BORGER: Just remember, Normandy fencing, as Nancy Pelosi did. This is what it looks like, right.
BALDWIN: Thank you, Gloria, very much.
BALDWIN: Also just in, special counsel Robert Mueller releasing details of the evidence collected against longtime associate Roger Stone.
Mueller revealing today that information collected from Stone's iCloud and e-mail accounts and computer hardware span several years, and now Mueller wants a judge to put in place this protective order that would lock down the confidentiality of all of this evidence.
Stone has pleaded not guilty to all seven charges against him, including lying and witness tampering.
Asha Rangappa is a former FBI special agent who is a CNN legal and national security analyst.
And so, Asha, what's your biggest takeaway from what they have gotten from this raid. The financial records and that this information spans years, is that significant for you?
ASHA RANGAPPA, CNN LEGAL AND NATIONAL SECURITY ANALYST: It is significant, because what Mueller -- we learned this from a motion where he's seeking the judge to exempt them from the 70-day requirement of bringing Stone to trial, because the evidence that they have is so voluminous, that it will take much longer to go through it, and then also for -- they have to provide it to the defense and for the defense to go through it.
So this is outside of the ordinary amount of evidence that would be that would have been gathered. And, as you mentioned, Brooke, this goes back several years and involves all kinds of communication. So if I were Roger Stone, I would not be super confident about my chances of fighting this in court.
BALDWIN: Also, if you're Roger Stone, you're comparing the raid to that of El Chapo and Osama bin Laden, as we heard from him last week, and we have heard the president saying he was very disappointed to see the FBI raid and to see it go that way.
As former FBI, were you disappointed, or was that par for the course?
RANGAPPA: I find it incredibly weird that this is the hill that they want to die on, because this did not seem like an out-of-the-ordinary arrest with a search warrant executed at the same time.
I mean, we need to remember that the substance of the charges here are that Roger Stone was attempting to cover up his activities. He was lying about it. He was trying to intimidate a witness to change their testimony.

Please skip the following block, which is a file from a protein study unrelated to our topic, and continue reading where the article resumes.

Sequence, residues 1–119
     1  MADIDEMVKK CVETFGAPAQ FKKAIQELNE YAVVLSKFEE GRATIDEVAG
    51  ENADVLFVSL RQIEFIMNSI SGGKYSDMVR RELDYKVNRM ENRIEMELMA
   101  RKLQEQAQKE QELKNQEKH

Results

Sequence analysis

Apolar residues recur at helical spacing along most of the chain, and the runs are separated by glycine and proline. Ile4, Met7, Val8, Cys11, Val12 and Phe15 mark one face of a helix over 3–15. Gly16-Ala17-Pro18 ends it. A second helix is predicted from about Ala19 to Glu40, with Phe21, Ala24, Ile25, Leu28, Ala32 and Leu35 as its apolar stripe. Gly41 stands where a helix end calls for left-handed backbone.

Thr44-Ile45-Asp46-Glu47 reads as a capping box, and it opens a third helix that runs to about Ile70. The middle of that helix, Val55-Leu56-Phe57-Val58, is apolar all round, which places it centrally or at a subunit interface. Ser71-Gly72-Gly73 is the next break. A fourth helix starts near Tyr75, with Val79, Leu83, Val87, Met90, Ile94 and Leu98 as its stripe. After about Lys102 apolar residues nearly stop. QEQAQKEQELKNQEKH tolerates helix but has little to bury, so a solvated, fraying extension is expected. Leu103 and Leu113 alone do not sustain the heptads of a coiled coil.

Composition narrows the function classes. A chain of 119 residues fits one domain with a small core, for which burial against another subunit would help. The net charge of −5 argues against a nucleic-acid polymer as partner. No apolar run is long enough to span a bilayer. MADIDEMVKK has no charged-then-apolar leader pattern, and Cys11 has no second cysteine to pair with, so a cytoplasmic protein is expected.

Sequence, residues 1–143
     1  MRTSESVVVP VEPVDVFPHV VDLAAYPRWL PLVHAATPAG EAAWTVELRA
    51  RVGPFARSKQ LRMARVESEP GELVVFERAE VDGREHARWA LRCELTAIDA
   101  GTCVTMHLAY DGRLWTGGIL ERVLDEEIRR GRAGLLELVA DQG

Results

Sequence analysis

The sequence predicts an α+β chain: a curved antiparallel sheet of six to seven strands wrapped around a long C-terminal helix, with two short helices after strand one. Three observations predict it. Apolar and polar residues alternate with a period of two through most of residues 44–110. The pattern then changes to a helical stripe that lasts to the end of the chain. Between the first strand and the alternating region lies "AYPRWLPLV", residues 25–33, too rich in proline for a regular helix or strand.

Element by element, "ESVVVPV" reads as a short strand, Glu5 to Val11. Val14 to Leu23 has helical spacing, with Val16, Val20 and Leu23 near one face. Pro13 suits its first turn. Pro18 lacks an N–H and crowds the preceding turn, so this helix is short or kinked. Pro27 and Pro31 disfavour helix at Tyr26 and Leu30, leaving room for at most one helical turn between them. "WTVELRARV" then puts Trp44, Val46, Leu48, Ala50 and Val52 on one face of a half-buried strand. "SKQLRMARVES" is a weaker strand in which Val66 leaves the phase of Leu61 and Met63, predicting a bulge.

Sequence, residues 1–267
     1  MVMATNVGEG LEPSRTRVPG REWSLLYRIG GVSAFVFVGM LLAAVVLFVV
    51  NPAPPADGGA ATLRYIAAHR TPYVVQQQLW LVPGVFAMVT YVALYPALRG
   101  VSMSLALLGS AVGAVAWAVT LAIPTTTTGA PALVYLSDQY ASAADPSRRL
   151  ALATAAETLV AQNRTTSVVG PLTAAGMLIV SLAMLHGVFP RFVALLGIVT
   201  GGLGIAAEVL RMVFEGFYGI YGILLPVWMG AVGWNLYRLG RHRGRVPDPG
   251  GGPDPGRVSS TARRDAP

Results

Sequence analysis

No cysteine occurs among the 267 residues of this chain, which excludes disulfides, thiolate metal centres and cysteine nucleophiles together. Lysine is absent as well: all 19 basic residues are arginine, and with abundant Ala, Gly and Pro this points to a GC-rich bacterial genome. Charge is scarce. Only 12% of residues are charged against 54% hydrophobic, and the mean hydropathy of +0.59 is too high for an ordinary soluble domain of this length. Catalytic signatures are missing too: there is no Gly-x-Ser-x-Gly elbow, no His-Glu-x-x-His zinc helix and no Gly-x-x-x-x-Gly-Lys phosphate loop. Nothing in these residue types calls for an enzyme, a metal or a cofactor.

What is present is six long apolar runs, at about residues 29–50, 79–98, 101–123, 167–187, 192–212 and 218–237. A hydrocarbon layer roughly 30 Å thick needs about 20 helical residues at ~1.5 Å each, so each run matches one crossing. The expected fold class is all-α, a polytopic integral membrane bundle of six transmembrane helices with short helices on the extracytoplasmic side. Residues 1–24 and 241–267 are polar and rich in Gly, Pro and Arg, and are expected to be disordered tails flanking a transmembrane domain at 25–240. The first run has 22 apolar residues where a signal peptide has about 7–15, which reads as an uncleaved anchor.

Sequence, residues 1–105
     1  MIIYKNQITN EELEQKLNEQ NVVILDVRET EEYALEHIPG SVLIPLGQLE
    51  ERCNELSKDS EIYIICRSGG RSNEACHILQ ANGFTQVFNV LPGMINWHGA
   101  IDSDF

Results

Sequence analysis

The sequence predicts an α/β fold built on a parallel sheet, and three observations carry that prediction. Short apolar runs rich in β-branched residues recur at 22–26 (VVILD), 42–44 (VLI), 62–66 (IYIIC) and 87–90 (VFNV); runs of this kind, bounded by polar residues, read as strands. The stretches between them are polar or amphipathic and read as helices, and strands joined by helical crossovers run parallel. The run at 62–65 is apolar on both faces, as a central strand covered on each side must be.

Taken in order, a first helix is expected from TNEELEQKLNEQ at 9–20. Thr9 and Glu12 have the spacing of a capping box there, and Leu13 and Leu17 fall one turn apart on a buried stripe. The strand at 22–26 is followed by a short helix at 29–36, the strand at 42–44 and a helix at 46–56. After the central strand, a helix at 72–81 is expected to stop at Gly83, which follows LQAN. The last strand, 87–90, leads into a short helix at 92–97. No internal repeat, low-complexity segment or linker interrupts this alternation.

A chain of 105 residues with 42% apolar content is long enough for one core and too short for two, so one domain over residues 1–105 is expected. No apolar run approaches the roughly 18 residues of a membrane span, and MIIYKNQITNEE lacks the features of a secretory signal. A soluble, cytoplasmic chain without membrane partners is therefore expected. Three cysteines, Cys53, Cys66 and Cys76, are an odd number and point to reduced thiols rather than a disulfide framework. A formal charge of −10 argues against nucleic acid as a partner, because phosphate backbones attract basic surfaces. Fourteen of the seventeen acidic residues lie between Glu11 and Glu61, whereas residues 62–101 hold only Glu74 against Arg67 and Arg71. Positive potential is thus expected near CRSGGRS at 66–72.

So, I think the FBI would have had a reasonable grounds to believe that he might destroy evidence. And on top of that, the kinds of threats that he was making to another witness were -- could be interpreted as violent threats. I mean, he was saying, prepare to die, and threatening to take away his dog.
So I think that, in those kinds of cases, the FBI is going to make sure that they protect the safety of their agents and the people that they are going into arrest and execute the search.
And I think Roger Stone even said that they were very respectful and professional in the way they executed their duties.
BALDWIN: He did. He did. There was that moment, before he even compared it to the previous raids I mentioned.
I do -- I really also wanted to ask you about the back and forth between President Trump and the intel chiefs, let's just remind everyone that all of whom he himself appointed, calling them passive and naive yesterday on Twitter.
And so, moments ago, CIA Director Gina Haspel had to go to the West Wing to give him an intelligence briefing, despite all of these colorful adjectives he's using for his own intel men and women.
And so here she was.
(BEGIN VIDEO CLIP)
QUESTION: Do you still have confidence in Gina Haspel and Dan Coats to give you good advice?
TRUMP: No, I disagree with certain things that they said. I think I'm right. But time will prove that. Time will prove me right, probably.
(END VIDEO CLIP)
BALDWIN: Didn't Trump know all of this intel? Doesn't he get daily intelligence briefings? Is he not listening or is he purposefully saying something else?
RANGAPPA: Yes, so the role of his intelligence chiefs is to collect intelligence and come to assessments and conclusions, and provide it to him, so that he can make effective policy.
So when he's saying that he doesn't agree with them, I mean, this is their job. This is what they do is look at all the data points and come to conclusions. I honestly don't know, Brooke. I have no idea what's happening in the White House.
But, yes, in the normal course of business, he would get a presidential briefing that gave him their conclusions on the state of things in various different areas, and he would know what they were testifying to before they testified to it, because he presumably would have heard it in a briefing.
BALDWIN: Asha Rangappa, thank you very...
BALDWIN: I got nothing. I got nothing after that. We just don't know. We don't know what's going on through his head.
Thank you very much, Asha for, of course, your expertise always.
Let's talk politics now.
CNN political director David Chalian is here.